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Association between inflammatory mediators and response to inhaled nitric oxide in a model of endotoxin-induced lung injury
Uppsala University, Disciplinary Domain of Medicine and Pharmacy, Faculty of Medicine, Department of Medical Sciences, Clinical Physiology. (Hedenstierna)
Uppsala University, Disciplinary Domain of Medicine and Pharmacy, Faculty of Medicine, Department of Medical Sciences, Clinical Physiology.
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2008 (English)In: Critical Care, ISSN 1364-8535, E-ISSN 1466-609X, Vol. 12, no 5, R131- p.Article in journal (Refereed) Published
Abstract [en]

Introduction: Inhaled nitric oxide (INO) allows selective pulmonary vasodilation in acute respiratory distress syndrome and improves PaO2 by redistribution of pulmonary blood flow towards better ventilated parenchyma. One-third of patients are nonresponders to INO, however, and it is difficult to predict who will respond. The aim of the present study was to identify, within a panel of inflammatory mediators released during endotoxin-induced lung injury, specific mediators that are associated with a PaO2 response to INO.

Methods: After animal ethics committee approval, pigs were anesthetized and exposed to 2 hours of endotoxin infusion. Levels of cytokines, prostanoid, leucotriene and endothelin-1 (ET-1) were sampled prior to endotoxin exposure and hourly thereafter. All animals were exposed to 40 ppm INO: 28 animals were exposed at either 4 hours or 6 hours and a subgroup of nine animals was exposed both at 4 hours and 6 hours after onset of endotoxin infusion.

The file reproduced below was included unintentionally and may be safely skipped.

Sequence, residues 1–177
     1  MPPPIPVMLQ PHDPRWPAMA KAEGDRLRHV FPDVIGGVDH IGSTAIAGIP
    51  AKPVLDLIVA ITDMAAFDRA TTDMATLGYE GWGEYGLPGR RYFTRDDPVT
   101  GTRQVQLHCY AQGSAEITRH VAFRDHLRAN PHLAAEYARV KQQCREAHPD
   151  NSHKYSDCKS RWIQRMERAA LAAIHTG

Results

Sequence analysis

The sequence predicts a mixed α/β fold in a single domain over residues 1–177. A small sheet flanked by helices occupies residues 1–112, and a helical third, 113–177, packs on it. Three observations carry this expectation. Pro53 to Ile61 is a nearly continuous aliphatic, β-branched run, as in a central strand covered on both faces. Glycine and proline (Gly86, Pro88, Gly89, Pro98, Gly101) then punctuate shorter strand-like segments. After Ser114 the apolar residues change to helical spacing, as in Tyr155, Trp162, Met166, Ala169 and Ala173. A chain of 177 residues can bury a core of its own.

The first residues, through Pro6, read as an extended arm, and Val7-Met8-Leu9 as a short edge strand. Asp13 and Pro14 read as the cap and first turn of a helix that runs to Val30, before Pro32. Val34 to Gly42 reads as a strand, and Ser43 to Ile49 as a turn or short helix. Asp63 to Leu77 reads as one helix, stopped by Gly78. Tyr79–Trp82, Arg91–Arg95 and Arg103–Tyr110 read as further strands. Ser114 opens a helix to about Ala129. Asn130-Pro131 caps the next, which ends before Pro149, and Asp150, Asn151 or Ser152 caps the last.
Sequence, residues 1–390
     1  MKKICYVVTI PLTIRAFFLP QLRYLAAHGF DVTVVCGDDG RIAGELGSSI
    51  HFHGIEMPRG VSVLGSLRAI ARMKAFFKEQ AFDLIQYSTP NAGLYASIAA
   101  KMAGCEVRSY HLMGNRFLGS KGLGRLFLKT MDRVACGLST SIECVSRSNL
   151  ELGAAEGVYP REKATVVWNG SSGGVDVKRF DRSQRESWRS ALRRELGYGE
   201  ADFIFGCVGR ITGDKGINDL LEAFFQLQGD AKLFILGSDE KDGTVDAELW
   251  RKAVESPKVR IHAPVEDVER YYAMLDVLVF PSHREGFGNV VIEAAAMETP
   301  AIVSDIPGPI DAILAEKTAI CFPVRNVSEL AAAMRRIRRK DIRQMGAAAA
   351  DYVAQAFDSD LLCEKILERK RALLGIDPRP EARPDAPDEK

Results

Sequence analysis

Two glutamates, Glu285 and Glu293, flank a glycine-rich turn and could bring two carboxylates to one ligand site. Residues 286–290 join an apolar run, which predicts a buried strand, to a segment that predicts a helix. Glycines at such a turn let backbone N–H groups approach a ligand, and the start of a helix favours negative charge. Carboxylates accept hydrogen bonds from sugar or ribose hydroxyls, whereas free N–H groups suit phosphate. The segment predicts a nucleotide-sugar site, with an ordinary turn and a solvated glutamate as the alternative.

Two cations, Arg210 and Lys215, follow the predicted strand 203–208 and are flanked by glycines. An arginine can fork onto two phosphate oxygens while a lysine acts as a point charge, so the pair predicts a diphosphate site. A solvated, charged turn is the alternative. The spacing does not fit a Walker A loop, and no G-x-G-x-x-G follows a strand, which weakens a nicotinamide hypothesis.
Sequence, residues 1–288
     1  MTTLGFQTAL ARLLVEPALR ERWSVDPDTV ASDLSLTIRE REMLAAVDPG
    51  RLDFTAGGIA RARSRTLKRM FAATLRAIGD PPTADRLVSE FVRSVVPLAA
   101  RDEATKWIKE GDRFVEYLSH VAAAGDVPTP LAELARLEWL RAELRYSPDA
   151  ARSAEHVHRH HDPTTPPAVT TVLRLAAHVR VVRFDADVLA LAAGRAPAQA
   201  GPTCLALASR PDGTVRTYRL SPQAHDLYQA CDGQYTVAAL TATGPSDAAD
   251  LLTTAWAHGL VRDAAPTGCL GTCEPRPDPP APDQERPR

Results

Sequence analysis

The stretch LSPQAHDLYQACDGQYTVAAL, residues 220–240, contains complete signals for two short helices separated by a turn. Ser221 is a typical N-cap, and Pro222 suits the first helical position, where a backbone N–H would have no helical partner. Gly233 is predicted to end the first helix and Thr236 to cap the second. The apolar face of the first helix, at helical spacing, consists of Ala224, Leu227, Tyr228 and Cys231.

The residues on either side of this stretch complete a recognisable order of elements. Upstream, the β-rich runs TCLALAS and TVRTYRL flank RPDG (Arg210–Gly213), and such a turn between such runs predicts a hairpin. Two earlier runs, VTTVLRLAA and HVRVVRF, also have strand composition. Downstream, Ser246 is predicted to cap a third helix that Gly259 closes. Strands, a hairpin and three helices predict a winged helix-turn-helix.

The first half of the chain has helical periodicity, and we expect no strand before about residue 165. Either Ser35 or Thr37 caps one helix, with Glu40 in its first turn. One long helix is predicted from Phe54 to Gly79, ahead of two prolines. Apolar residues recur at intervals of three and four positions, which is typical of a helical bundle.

Results: Based on the response to INO, the animals were retrospectively placed into a responder group (increase in PaO2 >= 20%) or a nonresponder group. All mediators increased with endotoxin infusion although no significant differences were seen between responders and nonresponders. There was a mean difference in ET-1, however, with lower levels in the nonresponder group than in the responder group, 0.1 pg/ml versus 3.0 pg/ml. Moreover, five animals in the group exposed twice to INO switched from responder to nonresponder and had decreased ET-1 levels (3.0 (2.5 to 7.5) pg/ml versus 0.1 (0.1 to 2.1) pg/ml, P < 0.05). The pulmonary artery pressure and ET-1 level were higher in future responders to INO.

Conclusions: ET-1 may therefore be involved in mediating the response to INO.

Place, publisher, year, edition, pages
BioMed Central , 2008. Vol. 12, no 5, R131- p.
National Category
Medical and Health Sciences
URN: urn:nbn:se:uu:diva-107008DOI: 10.1186/cc7099ISI: 000261561100019PubMedID: 18954441OAI: oai:DiVA.org:uu-107008DiVA: diva2:227556
Available from: 2009-07-15 Created: 2009-07-15 Last updated: 2010-08-16Bibliographically approved

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